Im a Boomer, born right in the middle of the Boom, along with 400,000 other Canadian kids that year, and Im a pensioner now. Im also a champion sleeper, and I always have been. I fall asleep in the dentists chair (not kidding), I fall asleep the moment I board an aircraft and dont wake up until they open the doors, I can nap sitting upright and chewing gum. I use sleep defensively, to ward off boredom and inactivity, and to store up energy for anticipated drawdowns.
In my 20s and 30s, I was in show business, and those nights dont end until dawn. Wakey wakey was noon at the earliest, and lunch was around 3 PM.
In my late 30s and 40s, in a corporate environment, I had to be at work at 9 AM (well, 9:20, really), and lunch was at 12:30. I still stayed up too late, until 1 AM, but I managed. Corporate life, though endlessly annoying and unfulfilling, is not strenuous.
I quit and started my own business at 45, and immediately started staying up until 3 AM writing and working, not getting up until 11 AM, or until the phone woke me from REM sleep. Im still a sleep champion, remember, its just the hours that change. I cant stay awake more than about 2 minutes after my head hits the pillow, and, since I dont drink, I wake up immediately and cheerfully after about 6 hours.
Then something happened. It was the day the time changed from Eastern Standard to daylight savings. I woke up at 7 AM with the sun, and Ive been doing it ever since. It happened when I was about 50, and its clearly just one of the leading indicators of aging; everyone knows the olds wake up early.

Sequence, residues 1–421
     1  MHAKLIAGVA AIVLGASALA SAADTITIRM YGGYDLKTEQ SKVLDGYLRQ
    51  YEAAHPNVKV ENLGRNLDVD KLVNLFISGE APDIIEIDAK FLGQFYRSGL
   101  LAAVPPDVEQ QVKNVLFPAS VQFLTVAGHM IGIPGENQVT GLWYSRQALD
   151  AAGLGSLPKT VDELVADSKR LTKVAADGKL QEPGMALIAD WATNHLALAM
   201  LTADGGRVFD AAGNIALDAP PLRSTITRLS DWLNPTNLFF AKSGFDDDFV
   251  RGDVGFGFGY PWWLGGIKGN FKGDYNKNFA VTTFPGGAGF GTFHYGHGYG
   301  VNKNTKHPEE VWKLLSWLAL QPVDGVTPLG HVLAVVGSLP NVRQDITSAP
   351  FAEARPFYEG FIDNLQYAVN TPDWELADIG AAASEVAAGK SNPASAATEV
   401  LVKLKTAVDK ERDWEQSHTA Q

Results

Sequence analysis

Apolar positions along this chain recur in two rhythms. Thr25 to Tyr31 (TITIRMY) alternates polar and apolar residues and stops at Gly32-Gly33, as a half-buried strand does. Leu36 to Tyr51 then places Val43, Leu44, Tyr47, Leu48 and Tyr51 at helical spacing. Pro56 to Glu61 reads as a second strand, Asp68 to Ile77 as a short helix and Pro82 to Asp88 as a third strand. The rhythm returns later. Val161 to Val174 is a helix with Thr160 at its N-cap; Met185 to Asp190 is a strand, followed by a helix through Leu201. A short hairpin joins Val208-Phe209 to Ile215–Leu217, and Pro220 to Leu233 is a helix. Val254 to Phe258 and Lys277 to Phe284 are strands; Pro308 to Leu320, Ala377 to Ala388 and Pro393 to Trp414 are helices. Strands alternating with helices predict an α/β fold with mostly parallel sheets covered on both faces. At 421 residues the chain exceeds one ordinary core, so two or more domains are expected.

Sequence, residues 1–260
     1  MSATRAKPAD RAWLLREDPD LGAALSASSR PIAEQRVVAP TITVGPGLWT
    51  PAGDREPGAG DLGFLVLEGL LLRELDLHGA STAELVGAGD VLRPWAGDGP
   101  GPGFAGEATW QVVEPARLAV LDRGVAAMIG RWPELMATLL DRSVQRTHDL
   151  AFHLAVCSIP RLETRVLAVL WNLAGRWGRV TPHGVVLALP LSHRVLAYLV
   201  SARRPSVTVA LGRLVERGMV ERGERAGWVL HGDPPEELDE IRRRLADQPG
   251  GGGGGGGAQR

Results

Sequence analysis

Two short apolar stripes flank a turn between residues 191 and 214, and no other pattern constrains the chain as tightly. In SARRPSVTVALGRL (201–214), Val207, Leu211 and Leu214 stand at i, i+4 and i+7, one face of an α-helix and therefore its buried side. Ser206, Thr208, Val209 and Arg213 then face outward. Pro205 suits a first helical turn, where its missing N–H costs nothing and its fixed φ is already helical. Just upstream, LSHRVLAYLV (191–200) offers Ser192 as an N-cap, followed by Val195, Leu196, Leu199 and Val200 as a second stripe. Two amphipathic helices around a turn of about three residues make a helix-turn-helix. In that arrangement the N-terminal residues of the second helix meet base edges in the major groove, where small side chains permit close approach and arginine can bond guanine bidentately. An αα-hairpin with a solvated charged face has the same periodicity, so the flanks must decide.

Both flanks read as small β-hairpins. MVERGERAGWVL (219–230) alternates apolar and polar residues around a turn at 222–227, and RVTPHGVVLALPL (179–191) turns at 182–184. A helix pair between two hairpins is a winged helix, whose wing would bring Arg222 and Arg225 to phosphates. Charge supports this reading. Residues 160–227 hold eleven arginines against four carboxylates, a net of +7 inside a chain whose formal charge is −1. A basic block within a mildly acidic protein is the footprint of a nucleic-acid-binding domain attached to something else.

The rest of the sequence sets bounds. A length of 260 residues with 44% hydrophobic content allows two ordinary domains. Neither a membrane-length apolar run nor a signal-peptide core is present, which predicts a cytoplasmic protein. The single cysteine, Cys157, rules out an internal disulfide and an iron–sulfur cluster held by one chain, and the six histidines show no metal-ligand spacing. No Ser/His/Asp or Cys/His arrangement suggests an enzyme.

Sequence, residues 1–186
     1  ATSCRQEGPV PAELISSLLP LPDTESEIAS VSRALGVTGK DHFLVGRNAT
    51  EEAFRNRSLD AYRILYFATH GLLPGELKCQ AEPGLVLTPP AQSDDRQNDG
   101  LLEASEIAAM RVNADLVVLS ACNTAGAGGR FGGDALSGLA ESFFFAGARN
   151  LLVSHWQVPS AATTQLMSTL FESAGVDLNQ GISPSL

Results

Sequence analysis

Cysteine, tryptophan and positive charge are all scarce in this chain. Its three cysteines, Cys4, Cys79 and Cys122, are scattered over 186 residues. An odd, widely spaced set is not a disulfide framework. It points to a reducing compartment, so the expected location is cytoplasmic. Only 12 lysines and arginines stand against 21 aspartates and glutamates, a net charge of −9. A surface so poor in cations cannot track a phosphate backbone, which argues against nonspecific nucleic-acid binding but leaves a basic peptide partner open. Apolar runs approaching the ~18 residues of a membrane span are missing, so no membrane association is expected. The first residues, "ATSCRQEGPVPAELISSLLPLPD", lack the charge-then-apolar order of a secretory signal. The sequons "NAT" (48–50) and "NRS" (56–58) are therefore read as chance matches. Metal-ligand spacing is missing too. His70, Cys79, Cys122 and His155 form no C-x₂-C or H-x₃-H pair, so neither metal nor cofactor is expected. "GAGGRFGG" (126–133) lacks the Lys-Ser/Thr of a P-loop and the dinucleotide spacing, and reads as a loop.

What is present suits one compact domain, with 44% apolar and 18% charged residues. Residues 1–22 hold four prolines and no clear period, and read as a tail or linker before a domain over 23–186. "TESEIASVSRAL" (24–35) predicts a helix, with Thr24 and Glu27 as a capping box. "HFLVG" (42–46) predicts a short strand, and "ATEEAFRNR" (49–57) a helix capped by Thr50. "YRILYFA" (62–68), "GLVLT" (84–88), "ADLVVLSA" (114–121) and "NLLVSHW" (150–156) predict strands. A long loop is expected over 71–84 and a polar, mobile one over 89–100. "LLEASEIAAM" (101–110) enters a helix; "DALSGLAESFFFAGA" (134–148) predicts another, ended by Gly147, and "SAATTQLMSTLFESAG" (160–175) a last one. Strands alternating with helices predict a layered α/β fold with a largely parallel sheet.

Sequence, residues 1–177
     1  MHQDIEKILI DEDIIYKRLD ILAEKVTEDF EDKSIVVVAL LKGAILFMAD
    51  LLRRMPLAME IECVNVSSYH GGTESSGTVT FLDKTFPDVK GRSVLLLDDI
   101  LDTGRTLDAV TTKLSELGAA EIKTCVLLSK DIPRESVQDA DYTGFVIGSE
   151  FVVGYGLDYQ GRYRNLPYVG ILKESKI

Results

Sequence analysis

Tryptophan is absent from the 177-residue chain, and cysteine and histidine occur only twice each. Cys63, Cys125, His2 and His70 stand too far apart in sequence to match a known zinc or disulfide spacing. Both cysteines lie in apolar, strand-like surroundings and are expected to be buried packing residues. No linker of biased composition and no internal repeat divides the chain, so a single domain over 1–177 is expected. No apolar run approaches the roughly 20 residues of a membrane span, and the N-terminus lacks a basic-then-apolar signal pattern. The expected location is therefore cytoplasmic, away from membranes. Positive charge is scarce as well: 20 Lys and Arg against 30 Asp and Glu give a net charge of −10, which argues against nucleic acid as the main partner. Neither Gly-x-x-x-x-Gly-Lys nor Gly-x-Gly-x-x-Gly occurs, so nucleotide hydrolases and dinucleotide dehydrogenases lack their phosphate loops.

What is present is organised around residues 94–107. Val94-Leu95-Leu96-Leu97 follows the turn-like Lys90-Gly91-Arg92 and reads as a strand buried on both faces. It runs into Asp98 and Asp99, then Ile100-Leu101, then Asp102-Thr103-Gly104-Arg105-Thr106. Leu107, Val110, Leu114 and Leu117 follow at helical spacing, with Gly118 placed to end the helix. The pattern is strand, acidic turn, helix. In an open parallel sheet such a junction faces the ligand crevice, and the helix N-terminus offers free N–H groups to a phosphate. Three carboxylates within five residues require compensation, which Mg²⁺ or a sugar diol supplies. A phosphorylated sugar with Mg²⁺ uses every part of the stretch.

The problem is, we really need about 9 hours sleep. Everybody does. 30 year olds running on 5 hours a night are planting heart attack seeds, and adequate sleep is one of the best things you can do to control blood pressure, hypertension and weight gain, of all things. So how to get 9 hours of sleep a night?
The nap. From 3 PM to dinner, a full 2 to 3 hours. Thats half a nights sleep for some people. I basically split my sleep ration in two, 6 hours from 1 AM to 7 AM and another 3 from 3 PM to 6 PM. This is not unusual, actually, it is quite common in warm countries, and ancient places where they have long practice at the art of sleeping.
In the middle ages, sleep was often a two part phenomenon. Contemporary accounts speak of first sleep and second sleep. The first occurred from sundown to about midnight, at which point, rushes were lit, people woke, ate, pooped, made love, talked and tended the fire. The second sleep occurred from about 2 AM to dawn.
Of course, you need good gear to be a champion sleeper. I have the best, both at home and on my boat. 800 thread count sheets, thick down pillows, feather mattresses, down duvets. Like sleeping in a nest of white clouds, cool in summer and warm in winter. On the boat, the bed has the added advantage of rocking. Add cats for company, and it can be a pretty nice place to spend a third of ones life.